It’s surprising to see that layoffs and station closures are still happening, despite encouraging words of economic recovery. But RIFs and closures are still happening and they’re just as painful as they were three or four years ago when they really started kicking in.
Recently, firefighters from Washington State to Massachusetts were protesting, discussing or accepting cuts made from on high. Remember, as I said before, recession and recovery take time to “trickle” down. Apparently, it’s not over yet, so we’ll just have to redouble our efforts and maintain the high standards of customer service our clients have come to expect. That the more relevant we are, the less expendable we become.
Firefighters have always been the ones to figure out how absorb the cuts and do more with less. Police have long been able to articulate their staffing needs on the grounds that crime will increase and safety will decrease.
It’s more difficult for us to do the same because people don’t see as many big fires as our fathers and father’s fathers have seen, it doesn’t mean we are any less busy. Our mission is different these days and we just need to make sure the public knows what we do.
We know our roles have changed significantly over the years. For the most part, our ancestors fought a lot more fires than most of us will ever see. Yet, we’ll have helped more cardiac patients, stroke victims and breathing difficulty patients in a week than they did in lifetimes. We’ve been on more calls for service and still alarms than ever before.
Generation after generation, the common thread is firefighters are the ones who get called in virtually every emergency. We’re the go to people for “situations.” How many of you have been to calls for water in the basement? Or to do traffic control at an accident scene where there’s really no hazard – but the one police officer dispatched to the scene can’t handle everything? We’ve all been there.
We are the mitigation team. If you need something fixed, call the fire department. Got a situation? Who are you going to call? Firefighters.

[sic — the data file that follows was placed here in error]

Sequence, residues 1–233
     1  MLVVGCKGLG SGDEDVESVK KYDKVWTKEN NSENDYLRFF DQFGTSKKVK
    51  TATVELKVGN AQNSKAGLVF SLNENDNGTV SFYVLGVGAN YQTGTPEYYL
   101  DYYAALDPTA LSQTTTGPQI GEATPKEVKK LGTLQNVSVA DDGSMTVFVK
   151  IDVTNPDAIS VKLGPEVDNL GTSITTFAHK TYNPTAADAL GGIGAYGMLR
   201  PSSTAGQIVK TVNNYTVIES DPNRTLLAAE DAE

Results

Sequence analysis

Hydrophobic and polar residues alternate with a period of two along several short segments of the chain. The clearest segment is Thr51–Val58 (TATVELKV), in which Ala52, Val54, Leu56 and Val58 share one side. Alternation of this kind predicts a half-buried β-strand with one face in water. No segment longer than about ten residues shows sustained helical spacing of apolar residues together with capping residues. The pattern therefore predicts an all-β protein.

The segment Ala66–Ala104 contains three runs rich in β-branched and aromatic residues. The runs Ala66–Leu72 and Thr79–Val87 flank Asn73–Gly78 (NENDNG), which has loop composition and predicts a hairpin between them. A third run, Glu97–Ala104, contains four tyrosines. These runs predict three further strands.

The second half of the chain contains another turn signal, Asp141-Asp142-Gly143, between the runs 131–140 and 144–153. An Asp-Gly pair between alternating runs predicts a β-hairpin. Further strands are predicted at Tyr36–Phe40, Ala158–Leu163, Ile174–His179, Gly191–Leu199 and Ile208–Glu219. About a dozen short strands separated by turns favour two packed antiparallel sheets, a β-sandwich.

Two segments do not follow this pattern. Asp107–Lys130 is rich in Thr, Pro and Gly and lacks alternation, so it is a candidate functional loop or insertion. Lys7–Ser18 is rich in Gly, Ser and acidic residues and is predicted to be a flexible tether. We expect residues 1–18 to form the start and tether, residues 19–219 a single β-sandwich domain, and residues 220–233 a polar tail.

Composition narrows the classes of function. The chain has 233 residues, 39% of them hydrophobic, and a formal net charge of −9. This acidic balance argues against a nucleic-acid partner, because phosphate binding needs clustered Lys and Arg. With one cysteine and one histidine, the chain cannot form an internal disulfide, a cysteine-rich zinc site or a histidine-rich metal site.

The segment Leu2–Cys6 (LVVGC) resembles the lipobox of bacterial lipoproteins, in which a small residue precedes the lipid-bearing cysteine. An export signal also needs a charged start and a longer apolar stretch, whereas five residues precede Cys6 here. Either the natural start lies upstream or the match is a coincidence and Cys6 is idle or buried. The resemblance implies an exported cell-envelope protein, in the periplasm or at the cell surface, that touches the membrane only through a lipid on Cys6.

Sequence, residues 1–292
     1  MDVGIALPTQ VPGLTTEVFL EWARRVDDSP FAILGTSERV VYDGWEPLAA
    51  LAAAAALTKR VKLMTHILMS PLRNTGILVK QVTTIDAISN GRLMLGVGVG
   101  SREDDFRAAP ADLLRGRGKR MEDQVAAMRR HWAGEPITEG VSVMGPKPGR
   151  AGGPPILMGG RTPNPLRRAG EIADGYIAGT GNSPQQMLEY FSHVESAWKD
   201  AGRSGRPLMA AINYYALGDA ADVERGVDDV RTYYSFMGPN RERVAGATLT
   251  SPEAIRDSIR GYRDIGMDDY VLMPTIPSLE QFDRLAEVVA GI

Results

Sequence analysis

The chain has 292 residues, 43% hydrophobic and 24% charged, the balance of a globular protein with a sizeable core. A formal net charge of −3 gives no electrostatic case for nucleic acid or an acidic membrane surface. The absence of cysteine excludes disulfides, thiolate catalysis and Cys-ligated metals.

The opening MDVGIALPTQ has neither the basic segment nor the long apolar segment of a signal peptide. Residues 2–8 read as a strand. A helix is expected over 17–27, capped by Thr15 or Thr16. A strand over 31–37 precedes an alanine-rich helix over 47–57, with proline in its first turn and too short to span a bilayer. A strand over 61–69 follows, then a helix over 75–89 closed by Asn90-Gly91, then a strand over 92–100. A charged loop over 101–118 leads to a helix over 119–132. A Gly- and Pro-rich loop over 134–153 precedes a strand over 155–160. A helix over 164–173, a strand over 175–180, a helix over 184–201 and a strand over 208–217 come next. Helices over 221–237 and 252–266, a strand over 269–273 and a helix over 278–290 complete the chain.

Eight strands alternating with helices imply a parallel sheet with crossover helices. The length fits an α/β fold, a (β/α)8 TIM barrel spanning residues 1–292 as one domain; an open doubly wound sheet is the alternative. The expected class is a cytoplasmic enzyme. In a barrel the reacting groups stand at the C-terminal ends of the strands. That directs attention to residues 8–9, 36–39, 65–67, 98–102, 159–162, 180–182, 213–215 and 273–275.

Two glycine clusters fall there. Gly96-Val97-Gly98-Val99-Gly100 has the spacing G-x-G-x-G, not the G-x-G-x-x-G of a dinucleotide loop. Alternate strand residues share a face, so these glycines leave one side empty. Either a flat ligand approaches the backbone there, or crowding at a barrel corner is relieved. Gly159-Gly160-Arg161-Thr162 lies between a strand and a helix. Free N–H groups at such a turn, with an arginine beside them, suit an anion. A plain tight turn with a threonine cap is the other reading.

To avoid cuts and remain relevant, some fire departments have established pseudo walk-in clinic staffed by firefighters, EMTs and paramedics. They deliver some rudimentary medical care to populations in their jurisdictions in their stations. They’re doing that not only to provide services to the people who pay the bills, but to remain relevant as the role of emergency services continue to change.
Businesses that survive economic hard times learn to adapt and diversify. It’s a lesson the fire service could stand to learn.
When our dispatchers tone out calls for service, we need to be prepared for anything. I couldn’t believe my ears the other day when a neighboring department got a call for a cat “stuck” in a tree. Seriously. They responded, rendered services and cleared – I don’t know if they got the cat out, or simply told the distraught pet owner to be patient. How many of you have seen cat skeletons in trees?
Nevertheless, I am sure the caller, who we need to keep in mind is our customer, was grateful for the response, even if the firefighters did nothing, they got the big red truck out, talked to the taxpayer and at least made her feel heard and worthy.
It’s that customer service that will keep our taxpayers happy, our revenue streams at least stable, and our mission relevant.
It’s our job to willingly take on the emergency burdens of our community, resolve them and go home safely. Our customers expect us to control the uncontrollable, to resolve the impossible and fix almost anything that can go wrong in their lives.
There’s no such thing as “Ghostbusters” except in movies, but there are firefighters. And we are the ones who get the calls when there’s something weird going on in the neighborhood.
So, be ready. Our customers expect no more, but no less.